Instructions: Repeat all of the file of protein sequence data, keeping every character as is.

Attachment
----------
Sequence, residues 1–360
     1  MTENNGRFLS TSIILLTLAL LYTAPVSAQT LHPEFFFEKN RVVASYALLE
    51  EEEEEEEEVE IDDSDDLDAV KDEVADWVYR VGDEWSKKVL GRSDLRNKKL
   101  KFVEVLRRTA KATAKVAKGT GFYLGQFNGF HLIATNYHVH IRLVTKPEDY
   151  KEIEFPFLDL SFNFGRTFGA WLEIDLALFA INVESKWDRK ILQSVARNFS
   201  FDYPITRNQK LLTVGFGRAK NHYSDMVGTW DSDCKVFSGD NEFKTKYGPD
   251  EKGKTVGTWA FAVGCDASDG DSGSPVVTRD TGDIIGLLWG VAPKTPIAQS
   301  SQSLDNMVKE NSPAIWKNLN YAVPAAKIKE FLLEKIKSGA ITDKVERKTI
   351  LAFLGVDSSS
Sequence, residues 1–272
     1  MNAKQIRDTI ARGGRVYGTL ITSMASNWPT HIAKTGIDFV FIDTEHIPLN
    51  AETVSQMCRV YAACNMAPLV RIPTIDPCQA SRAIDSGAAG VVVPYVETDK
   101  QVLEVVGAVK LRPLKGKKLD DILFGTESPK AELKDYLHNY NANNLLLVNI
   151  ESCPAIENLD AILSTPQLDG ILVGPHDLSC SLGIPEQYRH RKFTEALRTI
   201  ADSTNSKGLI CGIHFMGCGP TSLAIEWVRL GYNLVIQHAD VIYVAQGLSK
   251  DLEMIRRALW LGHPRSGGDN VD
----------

Sequence, residues 1–360
     1  MTENNGRFLS TSIILLTLAL LYTAPVSAQT LHPEFFFEKN RVVASYALLE
    51  EEEEEEEEVE IDDSDDLDAV KDEVADWVYR VGDEWSKKVL GRSDLRNKKL
   101  KFVEVLRRTA KATAKVAKGT GFYLGQFNGF HLIATNYHVH IRLVTKPEDY
   151  KEIEFPFLDL SFNFGRTFGA WLEIDLALFA INVESKWDRK ILQSVARNFS
   201  FDYPITRNQK LLTVGFGRAK NHYSDMVGTW DSDCKVFSGD NEFKTKYGPD
   251  EKGKTVGTWA FAVGCDASDG DSGSPVVTRD TGDIIGLLWG VAPKTPIAQS
   301  SQSLDNMVKE NSPAIWKNLN YAVPAAKIKE FLLEKIKSGA ITDKVERKTI
   351  LAFLGVDSSS
Sequence, residues 1–272
     1  MNAKQIRDTI ARGGRVYGTL ITSMASNWPT HIAKTGIDFV FIDTEHIPLN
    51  AETVSQMCRV YAACNMAPLV RIPTIDPCQA SRAIDSGAAG VVVPYVETDK
   101  QVLEVVGAVK LRPLKGKKLD DILFGTESPK AELKDYLHNY NANNLLLVNI
   151  ESCPAIENLD AILSTPQLDG ILVGPHDLSC SLGIPEQYRH RKFTEALRTI
   201  ADSTNSKGLI CGIHFMGCGP TSLAIEWVRL GYNLVIQHAD VIYVAQGLSK
   251  DLEMIRRALW LGHPRSGGDN VD